To me, mapping out the wiring of a model is extremely important. This should be done while the model is in the planning phase. To keep things easy to follow and future reference, a drawing or schematic should be made and kept. No two models are the same.
To see different ways to wire a trolley model look at chapter "Electrical Control of Model Traction" in the "Model Traction Handbook for Model Railroads" published by Carstens. Several methods of control and wiring are presented.
If you have both trucks insulated for 2-rail, it's easy to wire up a model to run on both trolley wire and 2-rail. In the following drawing the term at the bottom "Positive = RED" should be "RED Wire or Terminal on the Power Supply". The main draw back is having good contact between the trolley pole and the trolley hook.
The main "positive", advantage of pole reverse wiring is, as long as the power supply is set to forward, the model will go forward. This is exactly like the prototype!
A photo of of the dual power trucks made by the Q-Car Co. appears in the prior post. Dual power was chosen due to the weight of the model itself plus the unknown weight of the trail car it will pull.
If you have worked with power trucks in the past you are aware of the running characteristics of the truck in one direction vs. the other direction. In one direction the thrust is against the end of the gear box while running in the other direction the thrust is against the nose motor bearing. Often the sound of the truck running plus its speed are not the same.
Therefore if 2 power trucks are to be installed in a model it is best to mount both in the same direction. Of course there are exceptions. But, be cautious and don't ruin a power truck.
The completed model is being held in a Bowser foam cradle. Note both of the gear boxes face the same direction. The underbody detail work came with the model. All I added or changed is the electrical wiring and the guts of the trucks.
Both of the sets of sideframes had been altered to match the prototype. This also meant the the sideframes were able to clear the steps. If you are sending Q-Car or Current Line Models sideframes which require special consideration such as direction of the gear box or with regard to direction of travel, tell them about your requirements. The trucks will built accordingly.
This shows the alteration to the end of the sideframe plus the addition of PSC brake rigging to the truck.
You may have noticed the prototype AE&C 311 to 315 series of cars had 8440 sideframes which have an 84" (7') wheelbase. I'm using 7830 sideframes which have a 78" (6'6") wheelbase. I do this for the clearance around the steps. O scale trucks are oversize to start out with. In O scale the track gauge is 5'. Truck sideframes are wider and often made with a soft cast metal. The PSC lost wax brass sideframe looks just as good if not better than the 8440 sideframes.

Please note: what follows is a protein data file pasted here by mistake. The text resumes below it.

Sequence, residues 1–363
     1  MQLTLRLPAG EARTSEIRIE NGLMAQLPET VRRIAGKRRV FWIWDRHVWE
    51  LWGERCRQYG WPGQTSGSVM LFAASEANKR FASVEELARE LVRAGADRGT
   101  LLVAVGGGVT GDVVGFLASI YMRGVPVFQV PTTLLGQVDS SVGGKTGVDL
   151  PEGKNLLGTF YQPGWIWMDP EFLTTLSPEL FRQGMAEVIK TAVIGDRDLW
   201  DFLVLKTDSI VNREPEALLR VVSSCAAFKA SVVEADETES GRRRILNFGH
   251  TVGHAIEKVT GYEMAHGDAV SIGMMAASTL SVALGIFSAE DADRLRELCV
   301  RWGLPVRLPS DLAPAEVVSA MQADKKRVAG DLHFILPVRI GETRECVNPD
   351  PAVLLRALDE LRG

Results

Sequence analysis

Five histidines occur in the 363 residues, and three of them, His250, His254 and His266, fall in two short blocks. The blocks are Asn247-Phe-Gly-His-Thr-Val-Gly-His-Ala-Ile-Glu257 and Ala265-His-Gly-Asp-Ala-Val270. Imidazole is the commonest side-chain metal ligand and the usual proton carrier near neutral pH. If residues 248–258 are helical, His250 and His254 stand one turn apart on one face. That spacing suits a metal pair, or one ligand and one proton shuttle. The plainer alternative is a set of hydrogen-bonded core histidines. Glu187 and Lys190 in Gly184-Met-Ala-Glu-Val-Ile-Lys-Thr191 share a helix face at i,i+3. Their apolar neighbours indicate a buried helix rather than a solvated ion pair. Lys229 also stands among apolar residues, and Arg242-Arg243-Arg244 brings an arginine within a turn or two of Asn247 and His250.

What turned out to be the most interesting part of changing from the Multi-Units to Q-Car powered trucks was, once the body bolster and brass floor were drilled out for clearance of the 2-56 mounting screws, the new trucks could be just installed as they are. There was no need to make the body bolster thinner. Or, no washers were required between the body bolster or truck bolster to raise up the body.
Here the body is in the foam holder. The interior is in place. The front truck has been installed and the Nyloc nut supplied by Q-Car attached . I prefer to place a spring between the nut and the floor. This keeps the truck tight against the body.
Also, in the photo can be seen the 2 brass rods to hold the roof to the body. They are used to bring trolley current from the roof to the trucks and vice versa. The rear (right in the photo) rod with a piece of insulating shrinkable tubing over it is being use for this purpose.
The washers, nuts, and pieces of plastic in the lower part of the foam are for bolting the roof on to the body. The set on the left hand side are for the rear brass stud. The pieces of styrene are being used to insulate the stud and connection from the underside of the brass body.
The front brass stud does not need insulation protection. A washer and nut are all that are needed.
This is the rear body bolster. The red wire is attached to a small, hand made 0.005" brass connector to fit over the rear brass stud from the roof with the trolley circuit. The red wire goes into the car body to the Dallee adjustable constant voltage for the lighting. It also goes to the power trucks. I like to use Miniatronics 2 pin micro-mini connectors. You can make your own connectors.
Miniatronics states their connectors are not to be used to power rolling stock. I use both wires soldered together to carry the trolley voltage to the power trucks. Using connectors instead of soldering the wires together make it easier to service the power truck in the future. A Miniatronics 2-pin connector for the rear power truck can be seen to the left in the photo.
One modeler I know connects wiring in the model with small power blocks made of wood or styrene and screws. He avoids soldering all wires together.
A gray wire attached to a larger, hand made 0.005" brass connector is to be used to pick-up the rail ground and bring it to the Dallee board. Each motor in a power truck is grounded to the truck frame.
The rear power truck is being test fitted into the car. The brass connector to pick-up the ground can be seen. There is still some dirt to be cleaned up from the power truck.
For final assembly the roof is added last. A nut driver has to be fitted in between the end of the frame of each truck to attach the nuts to each brass stud from the roof.
Here is the finished model. The destination/train class signs on the dash need to be lettered.
Next comes the companion car, the Florence, for the 314.